Every person and every family has different goals, whether that be retiring early, opening up a business, paying for their children’s college education, not running out of money during retirement and the list goes on. The one thing these goals all have in common is the question of whether or not they are attainable. We wanted to show you how we can help you project and plan for any of your goals that are tied to a monetary value. We have put together 3 scenarios for a sample family, Frank and Joanna Miller, to help them reach their goal of having enough money during their retirement. Based on their current situation the Millers will not reach their goal, but with the help of our Wealth Center we are able to make some changes to their situation that will help them reach financial stability throughout their retirement. Before we get into these scenarios let’s get to know the Millers.
Frank is 52 and Joanna is 51, they are married and have 3 children; Peter age 22, Mary Beth age 18 and Lucas age 16. Frank and Joanna wish to retire at 65 and have assumed a life expectancy of 100. Peter and Joanna have a gross income of $350,000 and their current living expenses are $140,000, but during retirement they expect their living expenses to decrease to $130,000, these expense values are adjusted annually at an inflation rate of 2.56%. Frank makes the maximum annual contribution, $25,000, to his 401k and Joanna makes an annual contribution of $3,500 to her 403b.
The Miller’s oldest son, Peter, has already graduated from college. Frank and Joanna are now preparing for Mary Beth to attend college in 2020 and for Lucas to attend college in 2022. They have estimated that it will cost them $50,000 per year per child for college education expenses. They have one 529 account for both Mary Beth and Lucas, but the account’s balance is very low and is expected to cover less than 10% of each child’s education expenses. The Millers will pay for the remainder of Mary Beth’s and Lucas’s college costs out of pocket.
Frank and Joanna currently have a net worth of $1,884,761. Their primary residence is valued at $850,000 but has a remaining mortgage balance of $330,000. They also own a vacation home worth $350,000 which has no mortgage. On top of their real estate properties the Miller’s total investment portfolio has over $1,000,000 worth of assets, which includes their joint account, Frank’s 401k, Joanna’s 403b, Joanna’s Roth IRA and an emergency fund. Their investment and retirement accounts assume a pre-retirement growth rate of 8% and a post-retirement growth rate of 5%.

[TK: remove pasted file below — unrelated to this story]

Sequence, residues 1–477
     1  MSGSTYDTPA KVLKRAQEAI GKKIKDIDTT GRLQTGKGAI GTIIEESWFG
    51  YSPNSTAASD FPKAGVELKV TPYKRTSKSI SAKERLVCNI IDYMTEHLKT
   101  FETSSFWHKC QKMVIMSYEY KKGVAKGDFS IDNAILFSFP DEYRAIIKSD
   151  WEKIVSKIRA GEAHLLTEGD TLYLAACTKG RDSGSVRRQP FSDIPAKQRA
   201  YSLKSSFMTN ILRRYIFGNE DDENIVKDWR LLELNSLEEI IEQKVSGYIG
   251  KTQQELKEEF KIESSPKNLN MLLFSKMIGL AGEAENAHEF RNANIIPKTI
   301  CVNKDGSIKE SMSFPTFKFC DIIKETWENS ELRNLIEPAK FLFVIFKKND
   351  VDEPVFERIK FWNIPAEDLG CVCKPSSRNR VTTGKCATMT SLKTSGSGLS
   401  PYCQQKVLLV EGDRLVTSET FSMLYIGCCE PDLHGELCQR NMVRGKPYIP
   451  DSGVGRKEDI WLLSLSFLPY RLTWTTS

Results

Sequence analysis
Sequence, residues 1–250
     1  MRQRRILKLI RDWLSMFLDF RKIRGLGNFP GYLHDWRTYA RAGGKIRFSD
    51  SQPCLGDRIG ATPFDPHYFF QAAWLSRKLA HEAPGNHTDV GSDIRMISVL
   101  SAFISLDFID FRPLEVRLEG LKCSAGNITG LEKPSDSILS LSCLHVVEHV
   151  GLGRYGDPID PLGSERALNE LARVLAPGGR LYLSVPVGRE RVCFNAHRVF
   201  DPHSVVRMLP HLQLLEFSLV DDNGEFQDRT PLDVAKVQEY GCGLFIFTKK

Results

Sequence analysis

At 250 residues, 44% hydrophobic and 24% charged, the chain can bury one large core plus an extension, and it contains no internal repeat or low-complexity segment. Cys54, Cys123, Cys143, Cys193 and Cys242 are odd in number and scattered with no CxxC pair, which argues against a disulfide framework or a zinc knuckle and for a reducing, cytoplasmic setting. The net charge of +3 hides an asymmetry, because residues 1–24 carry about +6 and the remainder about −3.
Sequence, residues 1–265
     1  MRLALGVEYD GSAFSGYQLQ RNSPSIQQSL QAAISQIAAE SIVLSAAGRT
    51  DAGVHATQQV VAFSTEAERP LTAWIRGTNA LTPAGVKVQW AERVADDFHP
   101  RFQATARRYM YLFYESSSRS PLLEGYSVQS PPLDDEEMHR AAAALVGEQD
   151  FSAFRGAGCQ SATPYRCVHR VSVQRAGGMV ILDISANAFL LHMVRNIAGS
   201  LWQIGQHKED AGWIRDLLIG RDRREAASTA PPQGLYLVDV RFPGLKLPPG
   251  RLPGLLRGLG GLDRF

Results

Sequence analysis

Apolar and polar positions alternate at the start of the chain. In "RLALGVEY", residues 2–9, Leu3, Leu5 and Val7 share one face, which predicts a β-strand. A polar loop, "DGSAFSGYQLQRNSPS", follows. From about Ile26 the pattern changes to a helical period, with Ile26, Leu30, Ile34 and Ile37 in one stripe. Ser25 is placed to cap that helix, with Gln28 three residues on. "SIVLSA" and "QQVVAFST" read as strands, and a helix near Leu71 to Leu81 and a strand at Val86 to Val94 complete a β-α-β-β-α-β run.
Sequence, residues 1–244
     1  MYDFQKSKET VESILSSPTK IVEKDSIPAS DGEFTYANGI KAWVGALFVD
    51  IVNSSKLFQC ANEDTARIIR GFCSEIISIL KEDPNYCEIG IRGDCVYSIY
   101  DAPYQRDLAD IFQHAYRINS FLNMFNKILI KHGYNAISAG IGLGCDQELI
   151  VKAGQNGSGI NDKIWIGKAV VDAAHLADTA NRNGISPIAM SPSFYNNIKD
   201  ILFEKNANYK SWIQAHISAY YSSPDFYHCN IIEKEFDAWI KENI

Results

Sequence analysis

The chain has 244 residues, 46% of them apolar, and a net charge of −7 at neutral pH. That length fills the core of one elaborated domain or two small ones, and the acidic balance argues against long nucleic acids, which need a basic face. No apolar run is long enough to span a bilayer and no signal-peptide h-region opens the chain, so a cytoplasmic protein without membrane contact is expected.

They are projected to run out of money when Frank is 93 and Joanna is 92. This means they fall short of funding their retirement by 8 years worth of living expenses. In order to prevent the Millers from running out of money before age 100 we’ll look at different scenarios that can help the Millers solve their funding deficiency.
Scenario 1 – Delay Retirement
Frank and Joanna expressed that they would like to retire at 65, but if they both continue working for two more years, until they have reached 67, they will be in a more financially stable position. The additional two years of employment enables them to save more money and grow their investment portfolio, which has a substantial impact to their portfolio assets. The image below shows their current situation outlined in blue. The green represents the positive impact these two additional years of employment has on their retirement. Their portfolio assets will benefit greatly by gaining a value of over $3 million. The increase in their investment portfolio will extend their funds to surpass Frank and Joanna’s life expectancy.
Scenario 2 – Delay Social Security benefits until 70
Frank and Joanna are set to begin taking their Social Security benefits at their full retirement age. Choosing to delay Social Security benefits until age 70, rather than age 66, increases their annual Social Security benefits by 8% per year. If the Millers decide to delay their Social Security benefits until 70 they will see a positive impact just short of $500,000 to their investment portfolio. The image below outlines a period of grey from years 2034 to 2047, which reflects a decrease in their portfolio assets. The reason their portfolio assets are slightly lower during this time is because they will need to utilize more of their portfolio assets to cover their retirement expenses. The green in the image below depicts the positive impact the larger Social Security benefit will have. Delaying their Social Security benefit until 70 provides the Millers with an additional 3 years of retirement living expenses, which lasts Frank and Joanna until ages 95 and 94.
Scenario 3 – Sell Home and Downsize
The Millers purchased their primary residence for $850,000. If they choose to sell their home when they retire at age 65 it is estimated to be valued at $1,180,000. The Miller’s will profit approximately $1 million once they pay off the remainder of their mortgage. In the Miller’s situation we will assume that they want to downsize at retirement. The Millers will most likely want to reduce their living expenses and need less living space. Using a portion of the proceeds from the sale of their home they could purchase primary residence in cash for $500,000. The remainder of their profit from the sale of their primary residence, approximately $500,000, is assumed to be invested into their joint account growing at a rate of 5%. This transaction projects their money to outlive them and increases their portfolio assets just shy of $2.5 million.